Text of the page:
In the eight years since, Steiner has faced a series of medical and financial reversals, and each time Sherman has done as much as any doctor to keep Steiner going — scrambling to get the treatment he needed without sending his family into bankruptcy. “He keeps throwing me life rafts before I sink,” Steiner said.

Hepatitis C drug costs leave many without care

By Felice J. Freyer

Twenty years ago, Larry Day learned two dangerous viruses were circulating in his body, HIV and hepatitis C. Both infections came from needles shared during his years as an injecting drug user.
Only one caused him big problems: hepatitis C. That virus destroyed his kidneys, an uncommon complication. Over time, he knew, hepatitis C could lead to cirrhosis and liver cancer. So when drugs came on the market promising to cure him, Day — by then free of illicit drugs — was eager to give them a try.
But his Medicaid insurance plan said no. He could get the drugs only if his liver was damaged, and his liver was still in good shape.
The restrictions Day faced violate a federal directive, run contrary to medical guidelines, and undermine an opportunity to stop the spread of an infectious disease. But MassHealth, as the Massachusetts Medicaid program is known, is not alone in putting up obstacles to hepatitis C drugs.
Hillary Clinton reveals her plan to revise--not repeal or replace--Obamacare
by Michael Hiltzik - LA Times

Since presidential candidate Hillary Clinton quietly updated the healthcare policy page on her campaign website over the last few days, most commentators have focused on the especially notable paragraphs stating that she will "continue to support a 'public option' — and work to build on the Affordable Care Act to make it possible." 

The policy page includes several other elements aimed at improving the Affordable Care Act, including broadening the accessibility of heath coverage to otherwise excluded populations and reducing its cost. More on those in a moment.

Parents upset as insurance plan limits access to Boston Children’s Hospital

An insurance plan designed for underprivileged families is restricting patient access to doctors at Boston Children’s Hospital in an effort to control health care costs, reports The Boston Globe.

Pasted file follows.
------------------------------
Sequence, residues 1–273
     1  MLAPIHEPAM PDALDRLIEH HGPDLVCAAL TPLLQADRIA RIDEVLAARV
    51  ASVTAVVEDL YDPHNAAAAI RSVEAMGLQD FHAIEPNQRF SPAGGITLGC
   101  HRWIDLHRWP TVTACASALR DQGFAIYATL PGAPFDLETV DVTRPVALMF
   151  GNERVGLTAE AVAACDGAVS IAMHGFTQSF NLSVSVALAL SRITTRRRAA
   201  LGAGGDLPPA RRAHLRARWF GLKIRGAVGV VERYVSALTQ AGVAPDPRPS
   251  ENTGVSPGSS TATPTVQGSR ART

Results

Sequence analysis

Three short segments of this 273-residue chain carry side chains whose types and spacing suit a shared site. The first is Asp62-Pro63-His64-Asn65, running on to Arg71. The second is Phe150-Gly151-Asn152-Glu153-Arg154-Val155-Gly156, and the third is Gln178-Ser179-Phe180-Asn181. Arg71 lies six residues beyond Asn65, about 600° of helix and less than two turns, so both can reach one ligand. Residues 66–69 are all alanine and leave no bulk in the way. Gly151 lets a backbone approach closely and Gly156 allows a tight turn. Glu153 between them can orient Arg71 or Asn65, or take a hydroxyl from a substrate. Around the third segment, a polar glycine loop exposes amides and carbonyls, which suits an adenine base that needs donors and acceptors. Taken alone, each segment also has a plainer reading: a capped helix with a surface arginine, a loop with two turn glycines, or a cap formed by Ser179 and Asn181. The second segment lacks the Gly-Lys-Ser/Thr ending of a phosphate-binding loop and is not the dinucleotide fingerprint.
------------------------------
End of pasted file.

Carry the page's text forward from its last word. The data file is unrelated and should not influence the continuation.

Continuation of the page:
Yande Schwarzbock has been taking her 6 year-old daughter, Emmarose Logatti, to specialists at Children’s Hospital her entire life. The little girl suffered a stroke before her birth.
The family’s insurer is Neighborhood Health Plan, which changed its policy with Children’s Hospital Jan. 1. The new policy applies to Neighborhood members on Medicaid. Neighborhood has about 300,000 Medicaid members, which includes about 120,000 children. When Schwarzbock learned that her daughter would lose access to her doctors with the new plan, she quickly dropped the plan and switched to another Medicaid program.
“I can’t afford to go to another hospital, because these doctors already know her. I couldn’t afford to wait,” she told the Globe.

What’s behind skyrocketing insulin prices?

by Ed Silverman - STAT
Here’s a sticking point for diabetics: the cost of insulin more than tripled — from $231 to $736 a year per patient — between 2002 and 2013, according to a new analysis.
The increase reflected rising prices for a milliliter of insulin, which climbed 197 percent from $4.34 per to $12.92 during the same period. Meanwhile, the amount of money spent by each patient on other diabetes medications fell 16 percent, to $502 from $600, according to a research letter published Tuesday in the Journal of the American Medical Association.
“Insulin is a life-saving medication,” said Dr. William Herman, a coauthor of the analysis and a professor of epidemiology at the University of Michigan School of Public Health. “There are people with type 1 diabetes who will die without insulin. And while there have been incremental benefits in insulin products, prices have been rising. So there are people who can’t afford them. It’s a real problem.”